Heading out the door? Read this article on the new Outside+ app available now on iOS devices for members! Download the app.
The towering Sierra Nevada summit saw GC chaos at the Vuelta a España on Sunday.
Primož Roglič (Jumbo Visma) surged away from red jersey Remco Evenepoel (Quick-Step Alpha Vinyl) in the final kilometer of stage 15’s relentless mountaintop finish to claw a further 15 seconds back from the Belgian.
The three-time defending champion is now just 1:34 back on the race leader after two consecutive stages of squeezing the pressure on his young rival.
Evenepoel flexed back after losing almost one minute on stage 14. He led Roglič through the majority of the 19km summit Sunday only to see the Slovenian sprint away with a characteristic late kick that scored him fifth-place on the stage and bragging-rights ahead of the final week.
Evenepoel bent but didn’t break altogether after Roglič romped away and finished 10th on the stage as the GC exploded around him, limiting his losses in his lonely final TT to the mountain’s top.
Top-3 after stage 15:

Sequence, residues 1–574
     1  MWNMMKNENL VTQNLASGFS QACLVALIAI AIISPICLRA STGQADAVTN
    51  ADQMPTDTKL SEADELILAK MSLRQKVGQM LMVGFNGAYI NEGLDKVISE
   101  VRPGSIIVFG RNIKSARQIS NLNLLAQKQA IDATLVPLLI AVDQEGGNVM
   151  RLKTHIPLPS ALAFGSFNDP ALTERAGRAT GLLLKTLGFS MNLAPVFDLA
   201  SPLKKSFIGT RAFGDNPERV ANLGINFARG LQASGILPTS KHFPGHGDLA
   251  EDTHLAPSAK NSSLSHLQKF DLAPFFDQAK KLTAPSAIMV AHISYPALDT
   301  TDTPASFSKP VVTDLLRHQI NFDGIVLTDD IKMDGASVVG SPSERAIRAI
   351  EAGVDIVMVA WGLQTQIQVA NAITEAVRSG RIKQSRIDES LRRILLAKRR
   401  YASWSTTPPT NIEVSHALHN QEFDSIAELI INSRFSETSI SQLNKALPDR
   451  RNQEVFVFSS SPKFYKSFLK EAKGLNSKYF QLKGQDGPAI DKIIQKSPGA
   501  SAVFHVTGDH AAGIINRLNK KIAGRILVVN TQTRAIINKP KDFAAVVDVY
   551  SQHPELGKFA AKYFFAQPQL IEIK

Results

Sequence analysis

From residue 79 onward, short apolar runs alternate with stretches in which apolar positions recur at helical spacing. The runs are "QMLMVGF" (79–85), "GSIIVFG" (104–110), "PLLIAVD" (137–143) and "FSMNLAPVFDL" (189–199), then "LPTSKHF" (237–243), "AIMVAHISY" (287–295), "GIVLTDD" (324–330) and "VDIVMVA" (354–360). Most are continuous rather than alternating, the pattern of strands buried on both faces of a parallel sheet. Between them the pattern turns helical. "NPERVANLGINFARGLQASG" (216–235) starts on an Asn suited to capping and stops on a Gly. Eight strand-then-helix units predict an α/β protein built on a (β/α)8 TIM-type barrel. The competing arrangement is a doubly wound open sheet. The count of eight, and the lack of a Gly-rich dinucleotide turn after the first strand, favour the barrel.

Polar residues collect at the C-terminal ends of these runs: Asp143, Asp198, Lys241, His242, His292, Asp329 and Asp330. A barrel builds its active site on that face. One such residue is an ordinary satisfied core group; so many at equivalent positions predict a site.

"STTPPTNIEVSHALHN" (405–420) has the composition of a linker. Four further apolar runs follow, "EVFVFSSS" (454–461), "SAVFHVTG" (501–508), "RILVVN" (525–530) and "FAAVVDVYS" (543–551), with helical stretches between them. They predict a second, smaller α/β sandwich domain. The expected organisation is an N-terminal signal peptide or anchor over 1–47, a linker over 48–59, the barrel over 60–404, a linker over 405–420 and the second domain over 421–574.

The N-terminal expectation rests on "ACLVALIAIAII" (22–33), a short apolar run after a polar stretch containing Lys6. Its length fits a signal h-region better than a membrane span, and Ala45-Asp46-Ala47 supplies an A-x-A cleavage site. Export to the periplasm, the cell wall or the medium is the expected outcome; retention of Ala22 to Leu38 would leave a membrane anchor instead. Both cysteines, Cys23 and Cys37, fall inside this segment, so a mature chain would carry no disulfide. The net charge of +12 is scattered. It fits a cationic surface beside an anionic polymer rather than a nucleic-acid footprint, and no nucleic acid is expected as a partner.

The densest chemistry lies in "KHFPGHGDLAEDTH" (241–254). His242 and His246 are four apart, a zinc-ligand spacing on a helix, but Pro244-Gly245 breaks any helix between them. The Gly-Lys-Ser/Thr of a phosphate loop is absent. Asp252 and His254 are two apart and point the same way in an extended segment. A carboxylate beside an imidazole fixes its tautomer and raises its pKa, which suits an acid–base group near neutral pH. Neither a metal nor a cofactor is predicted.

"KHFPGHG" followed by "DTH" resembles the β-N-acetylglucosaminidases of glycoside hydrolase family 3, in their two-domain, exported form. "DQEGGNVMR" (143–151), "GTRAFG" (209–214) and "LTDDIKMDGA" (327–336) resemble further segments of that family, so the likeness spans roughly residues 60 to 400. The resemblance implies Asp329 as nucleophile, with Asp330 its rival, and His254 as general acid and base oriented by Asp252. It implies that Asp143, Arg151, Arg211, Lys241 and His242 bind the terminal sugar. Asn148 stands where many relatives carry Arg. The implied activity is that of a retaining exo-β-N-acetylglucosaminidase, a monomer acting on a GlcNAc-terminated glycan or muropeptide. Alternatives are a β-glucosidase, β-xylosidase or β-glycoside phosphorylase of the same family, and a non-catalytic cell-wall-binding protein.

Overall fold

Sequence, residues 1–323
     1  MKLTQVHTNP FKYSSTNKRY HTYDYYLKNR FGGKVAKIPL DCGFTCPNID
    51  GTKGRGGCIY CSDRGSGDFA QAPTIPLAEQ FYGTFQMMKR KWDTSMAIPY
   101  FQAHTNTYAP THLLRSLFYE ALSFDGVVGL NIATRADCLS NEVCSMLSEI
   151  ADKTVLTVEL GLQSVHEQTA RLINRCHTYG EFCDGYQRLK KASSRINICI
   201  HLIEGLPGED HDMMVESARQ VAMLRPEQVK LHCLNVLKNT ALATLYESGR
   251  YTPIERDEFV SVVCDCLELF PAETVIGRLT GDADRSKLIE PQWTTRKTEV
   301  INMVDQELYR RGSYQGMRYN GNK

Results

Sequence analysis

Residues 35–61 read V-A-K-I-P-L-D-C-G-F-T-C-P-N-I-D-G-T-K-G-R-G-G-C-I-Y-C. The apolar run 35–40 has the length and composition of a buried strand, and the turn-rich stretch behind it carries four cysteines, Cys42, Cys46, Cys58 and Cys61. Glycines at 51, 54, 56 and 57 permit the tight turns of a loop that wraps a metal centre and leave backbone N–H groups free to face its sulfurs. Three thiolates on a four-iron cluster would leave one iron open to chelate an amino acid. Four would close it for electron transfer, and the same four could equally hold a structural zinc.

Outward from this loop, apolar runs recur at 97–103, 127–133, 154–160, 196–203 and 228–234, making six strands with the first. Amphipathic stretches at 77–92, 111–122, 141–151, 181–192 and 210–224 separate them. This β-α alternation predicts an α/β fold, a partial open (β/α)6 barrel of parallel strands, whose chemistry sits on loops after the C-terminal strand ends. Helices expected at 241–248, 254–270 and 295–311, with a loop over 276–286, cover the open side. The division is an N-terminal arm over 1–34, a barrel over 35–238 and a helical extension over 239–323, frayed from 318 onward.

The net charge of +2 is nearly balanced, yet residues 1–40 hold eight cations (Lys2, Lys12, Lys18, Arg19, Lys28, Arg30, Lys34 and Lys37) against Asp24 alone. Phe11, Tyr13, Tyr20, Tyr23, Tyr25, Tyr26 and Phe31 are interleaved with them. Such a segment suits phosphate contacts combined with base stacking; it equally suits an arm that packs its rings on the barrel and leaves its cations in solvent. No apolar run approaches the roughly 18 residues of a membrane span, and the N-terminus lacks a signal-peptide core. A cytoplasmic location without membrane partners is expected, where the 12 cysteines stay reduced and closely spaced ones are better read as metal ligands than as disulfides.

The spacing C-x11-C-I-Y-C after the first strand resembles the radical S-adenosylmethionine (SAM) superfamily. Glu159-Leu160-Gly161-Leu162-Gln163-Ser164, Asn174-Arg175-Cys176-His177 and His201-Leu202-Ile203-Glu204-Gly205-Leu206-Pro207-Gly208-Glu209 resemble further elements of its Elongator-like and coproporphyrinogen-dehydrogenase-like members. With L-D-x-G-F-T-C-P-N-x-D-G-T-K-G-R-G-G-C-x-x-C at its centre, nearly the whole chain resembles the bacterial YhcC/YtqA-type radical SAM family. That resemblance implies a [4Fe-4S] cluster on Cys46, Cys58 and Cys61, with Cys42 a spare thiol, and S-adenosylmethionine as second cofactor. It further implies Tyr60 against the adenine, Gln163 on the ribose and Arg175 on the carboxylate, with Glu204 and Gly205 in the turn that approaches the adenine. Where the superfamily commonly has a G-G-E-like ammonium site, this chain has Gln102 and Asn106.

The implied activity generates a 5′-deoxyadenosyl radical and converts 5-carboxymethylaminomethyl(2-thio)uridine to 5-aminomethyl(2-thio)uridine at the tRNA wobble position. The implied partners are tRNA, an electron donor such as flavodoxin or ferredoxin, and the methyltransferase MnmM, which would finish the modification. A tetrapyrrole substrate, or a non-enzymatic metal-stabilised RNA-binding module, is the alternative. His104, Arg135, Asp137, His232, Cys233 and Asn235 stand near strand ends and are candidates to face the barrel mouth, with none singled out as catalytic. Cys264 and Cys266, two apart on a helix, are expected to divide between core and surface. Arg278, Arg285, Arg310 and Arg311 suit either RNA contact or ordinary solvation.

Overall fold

- Remco Evenepoel (Quick-Step Alpha Vinyl): Red jersey
- Primož Roglič (Jumbo Visma): +1:34
- Enric Mas (Movistar): +2:01
Enric Mas (Movistar) and Miguel Ángel López (Astana-Qasaqstan) both made gains in the thin air.
López moved early in his high-altitude happy place, and Mas darted across. The two former teammates rode together through the final 10km to finish second and third behind stage-winner Thymen Arensman and pulled back more than 30 seconds on Evenepoel.
Mas remains in third but is just 2:01 back on Evenepoel and within close reach of Roglič.
Spanish fans will be riding a rollercoaster of emotions after seeing Mas make gains.
Rising home star Carlos Rodriguez (Ineos Grenadiers) blew out of the back at the base of the hulking 19km summit finish and lost more than two minutes on the GC pack to drop from fourth to fifth.
And who moved up to fourth from fifth?
Rodriguez’s countryman and 19-year-old wunderkind Juan Ayuso, that’s who. The UAE Emirates ace was also distanced at the bottom of the climb but paced his way back to finish seventh on the stage and put him 4:49 on GC.
The Vuelta sees a rest day Monday.
The GC contenders will breathe a sigh of relief after two all-action stages in the sun-scorched south.